"The Last Ride Together" is a dramatic monologue in which the speaker takes one final ride with his lover, reflecting on the relationship they have had and pondering what he could have done to make her reciprocate his love. Browning was a Victorian poet, but in this poem...
"The Last Ride Together" is a dramatic monologue in which the speaker takes one final ride with his lover, reflecting on the relationship they have had and pondering what he could have done to make her reciprocate his love. Browning was a Victorian poet, but in this poem the speaker is a typical Romantic hero: he is sensitive, noble, and a martyr for love. In this way, Browning draws on an archetypal character from Romantic literature—popularized by Romantic writers like John Keats, Lord Byron, and Johann Wolfgang Goethe.
In the first half of the poem, the speaker reflects on how his lover (or, more precisely, his ex-lover) makes him feel "deified" and as if he can fly. On this final ride with his lover, he describes his soul as once again "fluttering in the wind," and he repeats the sentiment later: "it seemed my spirit flew." This repeating motif seems to signal that the poem is about how love can set one free and make one feel almost more than human.
Another possible interpretation of the poem is that the speaker's last ride with his lover is actually a metaphor, alluding to their final sexual encounter together. In this interpretation, the freedom that he feels—as suggested by the motif of flight noted above—is really an allusion to the ecstasy he experienced during that encounter. There are lines throughout the poem which lend credence to this interpretation. For example, there are multiple innuendos; in stanza three, "Down on you, near and yet more near"; in stanza six, "We ride and I see her bosom heave"; and in stanza nine (after the sexual encounter has reached its climax), "I sink back shuddering from the quest."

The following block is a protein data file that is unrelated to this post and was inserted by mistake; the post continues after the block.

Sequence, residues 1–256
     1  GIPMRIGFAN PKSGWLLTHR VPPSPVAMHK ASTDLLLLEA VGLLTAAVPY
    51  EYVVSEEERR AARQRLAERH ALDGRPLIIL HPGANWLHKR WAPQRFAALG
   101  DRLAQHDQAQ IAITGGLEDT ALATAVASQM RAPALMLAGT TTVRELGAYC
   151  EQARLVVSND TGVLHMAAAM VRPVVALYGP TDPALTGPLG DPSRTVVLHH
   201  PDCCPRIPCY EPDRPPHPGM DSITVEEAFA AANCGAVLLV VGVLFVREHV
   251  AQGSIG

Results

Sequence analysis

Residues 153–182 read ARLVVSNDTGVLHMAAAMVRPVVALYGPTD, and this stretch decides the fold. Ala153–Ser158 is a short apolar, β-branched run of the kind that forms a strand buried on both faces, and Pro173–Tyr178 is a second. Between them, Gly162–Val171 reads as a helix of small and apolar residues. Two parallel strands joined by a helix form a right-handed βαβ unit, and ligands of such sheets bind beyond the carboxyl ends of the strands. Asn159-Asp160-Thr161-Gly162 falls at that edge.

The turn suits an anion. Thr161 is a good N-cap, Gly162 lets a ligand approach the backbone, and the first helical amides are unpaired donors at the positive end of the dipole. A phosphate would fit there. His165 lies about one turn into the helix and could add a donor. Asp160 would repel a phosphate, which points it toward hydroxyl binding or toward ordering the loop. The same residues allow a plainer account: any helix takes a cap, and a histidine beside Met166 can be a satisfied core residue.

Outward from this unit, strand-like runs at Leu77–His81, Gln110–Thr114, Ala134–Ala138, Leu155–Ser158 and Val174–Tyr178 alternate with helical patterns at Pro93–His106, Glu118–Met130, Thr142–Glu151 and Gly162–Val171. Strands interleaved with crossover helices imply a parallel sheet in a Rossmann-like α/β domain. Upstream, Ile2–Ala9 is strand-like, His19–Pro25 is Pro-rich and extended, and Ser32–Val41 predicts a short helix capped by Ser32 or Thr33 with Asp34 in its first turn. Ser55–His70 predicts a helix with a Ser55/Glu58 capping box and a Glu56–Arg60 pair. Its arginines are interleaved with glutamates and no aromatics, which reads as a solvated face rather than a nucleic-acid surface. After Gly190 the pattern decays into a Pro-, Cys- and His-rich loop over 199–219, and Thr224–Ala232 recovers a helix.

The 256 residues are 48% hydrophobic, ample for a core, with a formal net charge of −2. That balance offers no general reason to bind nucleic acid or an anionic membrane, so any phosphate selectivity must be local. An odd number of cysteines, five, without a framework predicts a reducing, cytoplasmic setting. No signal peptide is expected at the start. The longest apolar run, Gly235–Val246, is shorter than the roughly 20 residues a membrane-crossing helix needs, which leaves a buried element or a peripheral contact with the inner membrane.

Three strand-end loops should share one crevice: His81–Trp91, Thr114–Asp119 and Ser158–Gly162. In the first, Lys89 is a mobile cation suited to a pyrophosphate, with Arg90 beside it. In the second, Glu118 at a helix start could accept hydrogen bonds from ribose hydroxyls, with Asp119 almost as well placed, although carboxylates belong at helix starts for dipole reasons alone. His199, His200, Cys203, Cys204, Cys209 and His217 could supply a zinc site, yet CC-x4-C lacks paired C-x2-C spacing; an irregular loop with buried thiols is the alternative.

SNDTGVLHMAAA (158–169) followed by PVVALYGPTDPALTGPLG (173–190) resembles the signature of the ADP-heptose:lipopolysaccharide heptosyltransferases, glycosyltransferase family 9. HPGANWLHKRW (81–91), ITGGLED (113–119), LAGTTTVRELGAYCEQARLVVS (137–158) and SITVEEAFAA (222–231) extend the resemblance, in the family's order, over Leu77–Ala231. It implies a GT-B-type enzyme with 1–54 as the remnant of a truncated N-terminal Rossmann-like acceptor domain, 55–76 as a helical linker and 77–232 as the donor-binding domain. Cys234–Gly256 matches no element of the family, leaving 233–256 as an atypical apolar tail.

In the second half of the poem, the speaker questions imaginary artists and musicians and asks if their creations can possibly be as beautiful or as fine as this final "ride" that he is taking with his lover. He eventually concludes that their sculptures and their symphonies are made crude in comparison to his final ride. Yet, as beautiful as this final ride might be, the poem concludes with a moment of pathos as the speaker wishes, in vain, that he might "ride together, for ever ride" with his lover.